The Joy of Home Winemaking

Of Juice and Thrips and Ceiling Wax
March 2000

Loose Spring, March 6

Time Capsule, March 20

Shabby Dusty Chic, March 27

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Loose Spring
Monday, March 6

On the last day of February I planted lettuce in the cold frame, just to say I'd planted lettuce in February in Minnesota. Then the weather turned really warm. The last couple of days have been more like late April, early May, temps into the high 60s, lower 70's during the day. No mosquitoes.

Sunday and today I didn't even bother with my flannel shirt, just went around in shirt sleeves outside. The fiction group and I strolled along Hennepin Avenue as if we had suddenly been transported to Paris.

An optimistic friend was going to buy flowers for her balcony but I cautioned her to hold off.

By the end of the week we could see snow. The lows are supposed to be in the 20s. The past couple of years we haven't had frost after April 1 or so, but we've had it. The official last frost date is May 15.

Weather in Minnesota continues to fascinate me. There's a certain regularity or maybe inevitability to the cycles of hot and cold throughout the seasons; one never knows what the extremes will be from day to day or even from year to year. They haven't had a "normal" year since I moved here in '82 or '83 or whenever it was. It's always waaaay hotter or colder or wetter or drier than normal.

The ice comes in early or goes out early on the lakes and rivers. Spring is late, summer is scorching, fall is wet, winter lasts forever, or spring is early, summer is cool, fall barely happens and the pussy willows are out in February. Then a foot of snow falls.

We get 10 inches of rain in an hour, no rain for weeks, dozens of tornadoes, no tornadoes, blizzards, ice storms, wind storms, or day after lovely day of sunshine and soft pleasant breezes till we almost think it's normal.

We take the weather reports very seriously around here. I've learned to leave the radio on during the day even when not listening. The first summer here, I walked to the grocery on a sunny day, was in there about an hour and came out to wonder why the sky was green.

Ten minutes later a small tree bent over and knocked me to the ground and instead of having the sense to shelter in someone's doorway, I ran home sobbing because I'd left the windows open in the house and it was pouring down rain. Later, I learned I had survived straight line winds of 70 miles an hour.

After that experience, I check the radio before venturing out even to go around the block, winter or summer.

Today though, has been lovely. The cats thought so, too. Nelly scampered up the apple tree, then looked confused and slightly embarrassed. Dover carefully sniffed the mulch I pulled away from the ligularia and coral bells. The pigeons are courting, the sparrows building in the eaves, and the dandelion leaves are bright green. Nothing else is, of course.

Spring hasn't sprung, but it has loosened up a bit, flexed its muscles perhaps, getting ready to jog in place a bit.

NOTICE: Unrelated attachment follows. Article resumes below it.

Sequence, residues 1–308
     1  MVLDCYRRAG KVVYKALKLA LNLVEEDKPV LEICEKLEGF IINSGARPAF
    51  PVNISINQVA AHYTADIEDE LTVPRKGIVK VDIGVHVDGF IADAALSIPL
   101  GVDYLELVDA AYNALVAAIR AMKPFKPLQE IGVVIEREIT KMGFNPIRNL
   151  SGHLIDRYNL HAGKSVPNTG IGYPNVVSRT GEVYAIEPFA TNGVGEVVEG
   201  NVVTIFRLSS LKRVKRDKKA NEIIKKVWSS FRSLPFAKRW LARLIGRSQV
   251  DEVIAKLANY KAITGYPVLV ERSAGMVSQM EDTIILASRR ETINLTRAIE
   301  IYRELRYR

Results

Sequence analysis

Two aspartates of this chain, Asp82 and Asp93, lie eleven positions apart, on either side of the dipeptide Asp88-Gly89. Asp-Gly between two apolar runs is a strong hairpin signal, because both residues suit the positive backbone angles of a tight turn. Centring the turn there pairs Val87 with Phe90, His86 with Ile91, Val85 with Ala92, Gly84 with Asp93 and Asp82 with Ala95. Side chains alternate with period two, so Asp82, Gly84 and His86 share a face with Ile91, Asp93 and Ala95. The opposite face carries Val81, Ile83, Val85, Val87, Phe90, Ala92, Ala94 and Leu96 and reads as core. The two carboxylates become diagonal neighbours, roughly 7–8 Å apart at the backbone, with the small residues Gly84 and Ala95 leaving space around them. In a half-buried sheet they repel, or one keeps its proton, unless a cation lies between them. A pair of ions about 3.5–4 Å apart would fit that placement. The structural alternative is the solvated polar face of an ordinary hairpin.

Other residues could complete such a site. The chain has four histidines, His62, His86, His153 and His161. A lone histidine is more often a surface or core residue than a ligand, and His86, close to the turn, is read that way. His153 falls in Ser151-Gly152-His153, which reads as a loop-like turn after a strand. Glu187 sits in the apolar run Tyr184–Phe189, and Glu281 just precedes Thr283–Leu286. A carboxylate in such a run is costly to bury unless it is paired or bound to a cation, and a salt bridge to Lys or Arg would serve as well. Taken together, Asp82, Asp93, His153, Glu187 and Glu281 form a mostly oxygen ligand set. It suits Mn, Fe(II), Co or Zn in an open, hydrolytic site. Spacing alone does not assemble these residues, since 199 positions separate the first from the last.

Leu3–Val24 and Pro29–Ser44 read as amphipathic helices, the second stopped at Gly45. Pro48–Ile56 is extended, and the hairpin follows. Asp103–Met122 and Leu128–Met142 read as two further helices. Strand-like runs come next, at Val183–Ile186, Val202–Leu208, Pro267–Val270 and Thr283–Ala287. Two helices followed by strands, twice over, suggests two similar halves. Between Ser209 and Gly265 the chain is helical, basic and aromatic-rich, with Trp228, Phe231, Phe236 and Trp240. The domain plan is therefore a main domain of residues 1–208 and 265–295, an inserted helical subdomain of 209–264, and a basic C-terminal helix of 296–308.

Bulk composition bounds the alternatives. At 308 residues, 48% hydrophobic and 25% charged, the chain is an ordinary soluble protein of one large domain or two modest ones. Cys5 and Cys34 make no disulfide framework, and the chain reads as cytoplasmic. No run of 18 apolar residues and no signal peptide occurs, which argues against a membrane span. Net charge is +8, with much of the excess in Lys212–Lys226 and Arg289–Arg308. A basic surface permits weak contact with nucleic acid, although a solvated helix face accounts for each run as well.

It's a luxury to have turned the furnace down, and to have put a few screens up, but let's not get too silly here. This is Minnesota. I don't think Denny should have put the snow shovels away just yet.

Terry

P.S. to Jeff. The masonry bit worked like a charm! Thanks!


Time Capsule
Monday, March 20

I had this lovely scheme, you see. Upstairs leading off from my office, is a stairwell that goes directly to the back yard. Does not pass GO, does not collect $200. We keep the door down there locked, and the upstairs door closed most of the time. We think it was added for code reasons when the place was a duplex.

In my office is a large closet that has been full of boxes since we moved here well over 12 years ago. I put them there, as I recall, thinking I would unpack them gradually as I had time. They were my women's science fiction collection, fanzines, etc. My plan was to install the narrow bookshelves in the stairwell that I mentioned a while back, get the books out of the closet, and put new junk in the closet, thus clearing up the floor of my office and giving the illusion of being organized.

Well.

We got most of the shelves up and I started going though the boxes. The first few were as I expected, and that was fine. Then I started hitting boxes of STUFF.

Some of this stuff went back to 1977 and before. Notebook pages full of drawings, half-assed poems, notes taken at concerts, readings, and conventions, recipes, directions, multiple copies of old manuscripts, rejections, rants, raves and cryptic messages.

I found old pay stubs from when I worked at the Pacific Stock Exchange and some of my temp jobs, flyers, posters, handbills, receipts, passes to the Magic Cellar, all sorts of junk.

There were bundles of paper I had rescued from the wastebaskets at work, intending to use for first draft purposes. The leftovers were now brittle and yellow. Also found Great Aunt Alice's silverware (yay, now we can entertain six people in style, as long as they don't expect salad or dessert, because there are no dessert forks- I supposed they can use stainless steel or their hands), a necklace that had been missing for years, a broken printer, elderly hard candy in a spiffy tin box, old Natural History and Gourmet magazines, a zillion fanzines and APAs (the SF fan paper version of a chat room, for those of you unfamiliar with the term), including my run of A Woman's Apa, SpinOff, and a few Turbo Charged Party Animals, my set of water color pencils, our marriage certificate, and boxes of old negatives. And I'm not even to the bottom of the closet yet.